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You searched for +publisher:"Temple University" +contributor:("Kolson, Dennis L."). Showing records 1 – 2 of 2 total matches.

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Temple University

1. Gerngross, Lindsey. TARGETING CFMS SIGNALING TO RESTORE IMMUNE FUNCTION AND ERADICATE HIV RESERVOIRS.

Degree: PhD, 2015, Temple University

Biomedical Neuroscience

While combination anti-retroviral therapy (cART) has improved the length and quality of life of individuals living with HIV-1 infection, the prevalence of HIV-associated neurocognitive disorders (HAND) has increased and remains a significant clinical concern. The neuropathogenesis of HAND is not completely understood, however, latent HIV infection in the central nervous system (CNS) and chronic neuroinflammation are believed to play a prominent role. CNS-associated macrophages and resident microglia are significant contributors to CNS inflammation and constitute the chief reservoir of HIV-1 infection in the CNS. Previous studies from our lab suggest monocyte/macrophage invasion of the CNS in HIV may be driven by altered monocyte/macrophage homeostasis. We have reported expansion of a monocyte subset (CD14+CD16+CD163+) in peripheral blood of HIV+ patients that is phenotypically similar to macrophages/microglia that accumulate in the CNS as seen in post-mortem tissue. The factors driving the expansion of this monocyte subset are unknown, however, signaling through cFMS, a type III receptor tyrosine kinase (RTK), may play a role. Macrophage-colony stimulating factor (M-CSF), a ligand of cFMS, has been shown to be elevated in the cerebral spinal fluid (CSF) of individuals with the most severe form of HAND, HIV-associated dementia (HAD). M-CSF promotes a Macrophage-2-like phenotype and increases CD16 and CD163 expression in cultured monocytes. M-CSF has also been shown to increase the susceptibility of macrophages to HIV infection and enhance virus production. These findings, in addition to the known function of M-CSF in promoting macrophage survival, supports a role for M-CSF in the development and maintenance of macrophage viral reservoirs in tissues where these cells accumulate, including the CNS. Interestingly, a second ligand for cFMS, IL-34, was recently identified and reported to share some functions with M-CSF, suggesting that both ligands may contribute to HIV-associated CNS injury and AIDS pathogenesis. Through immunohistochemical studies using a relevant animal model of HIV infection, SIV infected rhesus macaques, we reported the presence of M-CSF and IL-34 in the brains of seronegative and SIV+ animals, for the first time, and identified spatial differences in the expression of these ligands. Important to our interest in viral persistence in the CNS, we observed the predominance of M-CSF expression in brain to be by cells that comprise perivascular cuffs and nodular lesions, which contain monocytes/ macrophages that have migrated into the CNS. IL-34 appeared to be a tissue-specific ligand expressed by resident microglia. Like M-CSF, we found that IL-34 also increased the frequency of CD16+CD163+ monocytes in vitro. We further investigated the potential of cFMS inhibition as a means to abrogate macrophage-2-like immune polarization using the small molecule tyrosine kinase inhibitor (TKI), GW2580. The addition of GW2580 abolished cFMS ligand-mediated increases in CD16+CD163+ monocyte…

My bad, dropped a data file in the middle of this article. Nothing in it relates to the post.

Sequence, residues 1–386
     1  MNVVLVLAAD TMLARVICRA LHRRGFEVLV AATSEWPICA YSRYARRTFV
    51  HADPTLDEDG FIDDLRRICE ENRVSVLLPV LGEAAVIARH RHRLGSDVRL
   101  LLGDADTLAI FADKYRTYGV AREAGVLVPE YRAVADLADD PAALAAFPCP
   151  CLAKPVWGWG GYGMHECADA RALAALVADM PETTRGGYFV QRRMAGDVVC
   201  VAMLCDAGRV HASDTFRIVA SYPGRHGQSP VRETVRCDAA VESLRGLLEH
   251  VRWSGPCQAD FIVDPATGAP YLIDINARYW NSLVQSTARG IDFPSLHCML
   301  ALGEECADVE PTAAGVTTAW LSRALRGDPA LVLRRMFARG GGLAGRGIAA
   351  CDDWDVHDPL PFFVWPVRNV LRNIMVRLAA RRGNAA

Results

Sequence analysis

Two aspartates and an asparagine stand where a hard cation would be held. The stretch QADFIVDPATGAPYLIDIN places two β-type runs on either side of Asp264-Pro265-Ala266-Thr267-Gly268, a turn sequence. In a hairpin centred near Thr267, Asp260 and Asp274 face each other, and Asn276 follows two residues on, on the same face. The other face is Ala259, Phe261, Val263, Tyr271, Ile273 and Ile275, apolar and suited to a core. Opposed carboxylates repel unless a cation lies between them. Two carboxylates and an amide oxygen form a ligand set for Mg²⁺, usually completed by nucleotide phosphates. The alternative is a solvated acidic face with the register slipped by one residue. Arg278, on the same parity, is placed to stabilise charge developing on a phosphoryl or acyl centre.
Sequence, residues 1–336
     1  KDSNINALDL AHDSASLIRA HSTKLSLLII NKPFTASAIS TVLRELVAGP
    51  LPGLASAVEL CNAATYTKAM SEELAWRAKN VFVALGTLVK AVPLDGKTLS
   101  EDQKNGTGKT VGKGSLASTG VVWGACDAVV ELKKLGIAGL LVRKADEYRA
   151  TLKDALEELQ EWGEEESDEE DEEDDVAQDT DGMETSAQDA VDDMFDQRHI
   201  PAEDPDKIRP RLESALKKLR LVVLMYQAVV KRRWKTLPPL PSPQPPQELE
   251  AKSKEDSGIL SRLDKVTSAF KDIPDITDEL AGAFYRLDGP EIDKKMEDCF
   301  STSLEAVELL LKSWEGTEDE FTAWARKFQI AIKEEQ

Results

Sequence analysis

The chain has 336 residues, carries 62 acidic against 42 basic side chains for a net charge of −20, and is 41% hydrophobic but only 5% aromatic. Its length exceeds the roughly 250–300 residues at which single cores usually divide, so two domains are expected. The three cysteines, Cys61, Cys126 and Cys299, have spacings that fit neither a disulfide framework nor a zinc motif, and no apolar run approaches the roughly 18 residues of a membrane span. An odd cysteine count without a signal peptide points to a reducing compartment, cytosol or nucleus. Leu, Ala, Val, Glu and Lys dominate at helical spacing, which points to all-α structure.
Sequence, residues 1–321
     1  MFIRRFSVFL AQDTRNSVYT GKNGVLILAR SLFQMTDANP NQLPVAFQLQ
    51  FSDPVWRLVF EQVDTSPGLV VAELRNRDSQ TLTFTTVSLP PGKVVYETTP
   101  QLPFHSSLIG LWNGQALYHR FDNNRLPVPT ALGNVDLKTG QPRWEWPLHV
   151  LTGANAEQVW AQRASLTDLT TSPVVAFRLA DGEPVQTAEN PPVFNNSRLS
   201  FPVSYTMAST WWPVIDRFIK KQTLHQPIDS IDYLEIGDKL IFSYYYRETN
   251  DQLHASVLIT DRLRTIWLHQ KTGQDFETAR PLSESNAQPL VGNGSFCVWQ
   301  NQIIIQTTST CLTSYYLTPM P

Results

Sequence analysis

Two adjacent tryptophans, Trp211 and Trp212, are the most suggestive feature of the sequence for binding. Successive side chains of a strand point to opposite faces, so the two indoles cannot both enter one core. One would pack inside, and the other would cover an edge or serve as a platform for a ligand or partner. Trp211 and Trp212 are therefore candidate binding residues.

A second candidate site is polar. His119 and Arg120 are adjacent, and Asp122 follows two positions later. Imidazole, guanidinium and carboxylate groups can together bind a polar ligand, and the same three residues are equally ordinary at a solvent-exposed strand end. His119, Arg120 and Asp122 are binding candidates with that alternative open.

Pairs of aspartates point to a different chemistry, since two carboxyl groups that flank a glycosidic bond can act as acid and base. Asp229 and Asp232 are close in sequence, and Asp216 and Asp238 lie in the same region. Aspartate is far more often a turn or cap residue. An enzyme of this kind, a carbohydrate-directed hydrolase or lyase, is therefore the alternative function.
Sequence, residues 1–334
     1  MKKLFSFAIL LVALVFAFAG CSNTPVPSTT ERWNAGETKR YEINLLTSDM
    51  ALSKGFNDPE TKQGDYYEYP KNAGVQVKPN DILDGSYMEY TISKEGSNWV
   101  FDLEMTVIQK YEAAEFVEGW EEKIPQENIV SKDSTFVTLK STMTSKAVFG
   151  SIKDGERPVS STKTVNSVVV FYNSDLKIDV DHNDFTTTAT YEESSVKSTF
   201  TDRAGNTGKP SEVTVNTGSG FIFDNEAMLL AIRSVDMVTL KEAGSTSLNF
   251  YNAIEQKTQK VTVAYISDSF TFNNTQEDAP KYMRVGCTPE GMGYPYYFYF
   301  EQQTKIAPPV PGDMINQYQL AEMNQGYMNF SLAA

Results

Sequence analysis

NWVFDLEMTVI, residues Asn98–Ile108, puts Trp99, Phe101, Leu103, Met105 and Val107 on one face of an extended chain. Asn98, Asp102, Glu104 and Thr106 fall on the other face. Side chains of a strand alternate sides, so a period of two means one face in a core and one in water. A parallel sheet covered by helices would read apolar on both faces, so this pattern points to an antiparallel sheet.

Advisors/Committee Members: Fischer-Smith, Tracy;, Rappaport, Jay, Langford, Dianne, Kolson, Dennis L., Wigdahl, Brian;.

Subjects/Keywords: Nanoscience

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APA · Chicago · MLA · Vancouver · CSE | Export to Zotero / EndNote / Reference Manager

APA (6th Edition):

Gerngross, L. (2015). TARGETING CFMS SIGNALING TO RESTORE IMMUNE FUNCTION AND ERADICATE HIV RESERVOIRS. (Doctoral Dissertation). Temple University. Retrieved from http://digital.library.temple.edu/u?/p245801coll10,286848

Chicago Manual of Style (16th Edition):

Gerngross, Lindsey. “TARGETING CFMS SIGNALING TO RESTORE IMMUNE FUNCTION AND ERADICATE HIV RESERVOIRS.” 2015. Doctoral Dissertation, Temple University. Accessed October 30, 2020. http://digital.library.temple.edu/u?/p245801coll10,286848.

MLA Handbook (7th Edition):

Gerngross, Lindsey. “TARGETING CFMS SIGNALING TO RESTORE IMMUNE FUNCTION AND ERADICATE HIV RESERVOIRS.” 2015. Web. 30 Oct 2020.

Vancouver:

Gerngross L. TARGETING CFMS SIGNALING TO RESTORE IMMUNE FUNCTION AND ERADICATE HIV RESERVOIRS. [Internet] [Doctoral dissertation]. Temple University; 2015. [cited 2020 Oct 30]. Available from: http://digital.library.temple.edu/u?/p245801coll10,286848.